Science 3 min read

New Imaging Approach Allows Non-Invasive Coral Health Monitoring

A new imaging approach has enabled researchers to improve the monitoring of coral health without the need to get physical samples underwater.

Image courtesy of Shutterstock

Image courtesy of Shutterstock

It’s no longer a secret that climate change hurts coral health. Now, researchers have developed a non-invasive imaging approach of getting insight into coral physiology to better monitor the marine invertebrates‘ health.

Reef-building corals provide a home to millions of species, but the situation is rapidly changing. The dire effect of climate change extends beyond terrestrial into the aquatic.

Ocean temperatures are rising, which then causes coral bleaching – a condition in which corals expel their life-providing algae. As you can imagine, this threatens coral health and its ability to sustain colonies.

An understanding of the mechanisms of bleaching is essential to preventing the death of coral reefs. Unfortunately, these marine species have a complex structure, which makes it challenging to image live coral tissue.

But the obstacle did not stop a research team from Northwestern Engineering from trying. In their paper published in the journal Nature, the team explained how they developed the non-invasive imaging approach to monitor corals’ physical condition.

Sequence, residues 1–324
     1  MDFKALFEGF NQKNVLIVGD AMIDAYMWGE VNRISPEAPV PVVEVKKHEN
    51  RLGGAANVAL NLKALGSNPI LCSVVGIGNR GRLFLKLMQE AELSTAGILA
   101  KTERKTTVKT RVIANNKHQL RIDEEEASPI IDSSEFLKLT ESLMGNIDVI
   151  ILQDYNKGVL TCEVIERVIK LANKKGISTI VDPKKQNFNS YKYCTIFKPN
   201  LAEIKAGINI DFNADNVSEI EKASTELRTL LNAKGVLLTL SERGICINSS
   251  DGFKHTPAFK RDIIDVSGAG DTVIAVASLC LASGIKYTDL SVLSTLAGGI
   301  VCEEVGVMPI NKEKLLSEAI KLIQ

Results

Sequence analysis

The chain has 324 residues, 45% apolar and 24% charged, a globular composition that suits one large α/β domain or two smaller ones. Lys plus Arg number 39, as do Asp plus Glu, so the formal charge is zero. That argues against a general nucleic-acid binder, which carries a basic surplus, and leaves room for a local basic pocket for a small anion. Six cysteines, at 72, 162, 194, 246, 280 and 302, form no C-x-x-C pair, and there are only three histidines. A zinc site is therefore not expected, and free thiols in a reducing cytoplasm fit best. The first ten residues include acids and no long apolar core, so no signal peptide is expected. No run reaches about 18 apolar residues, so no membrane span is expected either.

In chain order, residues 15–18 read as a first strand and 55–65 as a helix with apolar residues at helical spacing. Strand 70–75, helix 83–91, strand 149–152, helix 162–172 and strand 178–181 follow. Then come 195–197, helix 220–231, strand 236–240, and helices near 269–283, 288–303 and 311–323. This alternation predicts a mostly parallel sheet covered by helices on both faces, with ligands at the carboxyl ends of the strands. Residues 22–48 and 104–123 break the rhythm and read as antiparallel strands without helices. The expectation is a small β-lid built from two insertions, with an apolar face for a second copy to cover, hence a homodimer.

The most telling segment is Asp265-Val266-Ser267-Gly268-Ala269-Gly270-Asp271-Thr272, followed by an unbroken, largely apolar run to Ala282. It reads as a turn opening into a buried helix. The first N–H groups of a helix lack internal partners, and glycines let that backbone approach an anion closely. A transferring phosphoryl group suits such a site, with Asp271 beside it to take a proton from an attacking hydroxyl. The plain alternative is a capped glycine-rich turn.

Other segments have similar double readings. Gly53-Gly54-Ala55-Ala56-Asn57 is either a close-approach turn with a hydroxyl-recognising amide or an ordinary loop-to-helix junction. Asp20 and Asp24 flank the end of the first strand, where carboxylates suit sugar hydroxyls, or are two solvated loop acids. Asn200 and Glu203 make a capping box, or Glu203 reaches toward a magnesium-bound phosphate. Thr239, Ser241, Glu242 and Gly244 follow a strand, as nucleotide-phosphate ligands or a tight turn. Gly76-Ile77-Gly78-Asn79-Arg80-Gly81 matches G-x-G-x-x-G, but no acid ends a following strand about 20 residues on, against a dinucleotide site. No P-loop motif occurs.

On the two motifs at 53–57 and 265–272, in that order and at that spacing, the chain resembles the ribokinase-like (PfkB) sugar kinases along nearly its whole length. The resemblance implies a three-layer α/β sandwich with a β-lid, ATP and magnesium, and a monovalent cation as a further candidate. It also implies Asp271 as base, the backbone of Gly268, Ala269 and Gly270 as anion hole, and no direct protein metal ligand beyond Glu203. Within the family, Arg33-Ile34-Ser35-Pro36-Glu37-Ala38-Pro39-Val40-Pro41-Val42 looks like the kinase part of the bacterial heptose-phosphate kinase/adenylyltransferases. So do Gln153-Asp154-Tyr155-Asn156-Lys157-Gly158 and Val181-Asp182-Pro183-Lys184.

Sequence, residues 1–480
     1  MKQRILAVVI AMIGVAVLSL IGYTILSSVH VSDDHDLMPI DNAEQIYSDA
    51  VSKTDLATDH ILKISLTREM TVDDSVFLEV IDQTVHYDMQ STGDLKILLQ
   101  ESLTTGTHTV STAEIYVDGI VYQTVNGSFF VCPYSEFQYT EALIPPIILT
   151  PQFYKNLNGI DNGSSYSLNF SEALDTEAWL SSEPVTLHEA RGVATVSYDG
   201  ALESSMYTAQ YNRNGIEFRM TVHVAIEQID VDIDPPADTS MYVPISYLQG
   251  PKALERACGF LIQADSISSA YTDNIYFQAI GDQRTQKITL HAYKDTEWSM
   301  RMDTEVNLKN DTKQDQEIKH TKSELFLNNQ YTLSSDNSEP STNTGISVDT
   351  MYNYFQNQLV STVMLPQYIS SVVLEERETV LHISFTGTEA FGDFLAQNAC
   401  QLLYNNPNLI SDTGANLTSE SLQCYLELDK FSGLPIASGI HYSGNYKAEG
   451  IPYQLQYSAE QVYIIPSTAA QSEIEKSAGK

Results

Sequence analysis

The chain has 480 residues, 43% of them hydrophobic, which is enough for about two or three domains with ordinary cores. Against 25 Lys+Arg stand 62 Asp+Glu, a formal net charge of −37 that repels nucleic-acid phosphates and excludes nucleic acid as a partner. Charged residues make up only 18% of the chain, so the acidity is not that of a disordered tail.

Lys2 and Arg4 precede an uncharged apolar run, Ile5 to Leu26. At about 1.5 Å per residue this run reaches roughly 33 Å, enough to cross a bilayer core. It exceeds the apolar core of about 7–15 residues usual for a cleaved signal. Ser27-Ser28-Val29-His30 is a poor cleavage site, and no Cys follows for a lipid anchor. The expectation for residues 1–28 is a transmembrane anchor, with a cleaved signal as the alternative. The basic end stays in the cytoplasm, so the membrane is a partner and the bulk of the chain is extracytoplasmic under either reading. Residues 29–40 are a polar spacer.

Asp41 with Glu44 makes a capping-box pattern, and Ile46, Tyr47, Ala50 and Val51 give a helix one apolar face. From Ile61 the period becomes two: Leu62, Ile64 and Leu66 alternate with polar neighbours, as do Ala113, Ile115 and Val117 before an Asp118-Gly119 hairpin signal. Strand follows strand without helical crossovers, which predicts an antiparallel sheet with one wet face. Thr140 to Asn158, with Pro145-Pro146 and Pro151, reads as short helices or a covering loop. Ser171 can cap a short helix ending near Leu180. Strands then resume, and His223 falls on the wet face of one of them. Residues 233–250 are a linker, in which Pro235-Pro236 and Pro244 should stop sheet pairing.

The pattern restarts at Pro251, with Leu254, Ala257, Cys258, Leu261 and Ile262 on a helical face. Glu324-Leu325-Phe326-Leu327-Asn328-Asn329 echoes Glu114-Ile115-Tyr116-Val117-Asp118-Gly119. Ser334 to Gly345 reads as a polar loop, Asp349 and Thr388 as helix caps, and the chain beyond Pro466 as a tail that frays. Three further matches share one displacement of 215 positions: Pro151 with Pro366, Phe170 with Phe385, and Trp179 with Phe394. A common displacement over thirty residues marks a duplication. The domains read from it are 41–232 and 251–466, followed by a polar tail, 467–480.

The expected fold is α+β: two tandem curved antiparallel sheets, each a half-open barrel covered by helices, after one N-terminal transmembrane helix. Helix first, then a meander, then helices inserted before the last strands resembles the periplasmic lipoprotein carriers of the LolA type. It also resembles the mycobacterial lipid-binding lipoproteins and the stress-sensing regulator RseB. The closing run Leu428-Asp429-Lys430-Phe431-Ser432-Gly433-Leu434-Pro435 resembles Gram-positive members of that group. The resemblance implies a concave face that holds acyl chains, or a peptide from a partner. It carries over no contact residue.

The researchers called their approach inverse spectroscopic optical coherence tomography or ISOCT for short.

Using a Laser Scan to Monitor Coral Health

The researchers equipped ISOCT with a laser to scan living corals. Then, it measures the marine body’s optical properties at full 3D resolution.

But that wasn’t what the Northwestern Engineering team intended when they developed this non-invasive imaging technique.

In a statement co-author of the study, Vadim Backman said:

“We originally developed ISOCT to image human tissues in order to understand alterations in early carcinogenesis better. We had to adapt and enhance it for coral imaging, which produced an exciting example of cross-pollination in science and technology.”

The decision to use ISOCT for corals turned out to be a good one. Along with providing a clear image of the skeleton and tissues of different coral species, ISOCT also quantifies the chemical concentration within the coral.

These include the chlorophyll and other fluorescent pigments.

The researchers believe ISOCT could help marine biologists shed some light on how environmental stresses affect coral health. That way, they could develop an effective strategy to protect susceptible species from bleaching.

It could also provide an insight into a more effective way of harvesting solar energy.

If we could fully understand the mechanisms by which corals have been optimized via evolution to harvest light, we could develop similar strategies as the basis for solutions to harvest solar energy,” says co-first author, Graham Spicer.

Read More: Climate Change is Driving Coral Reefs Away From the Equator

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Sumbo Bello

Sumbo Bello is a creative writer who enjoys creating data-driven content for news sites. In his spare time, he plays basketball and listens to Coldplay.

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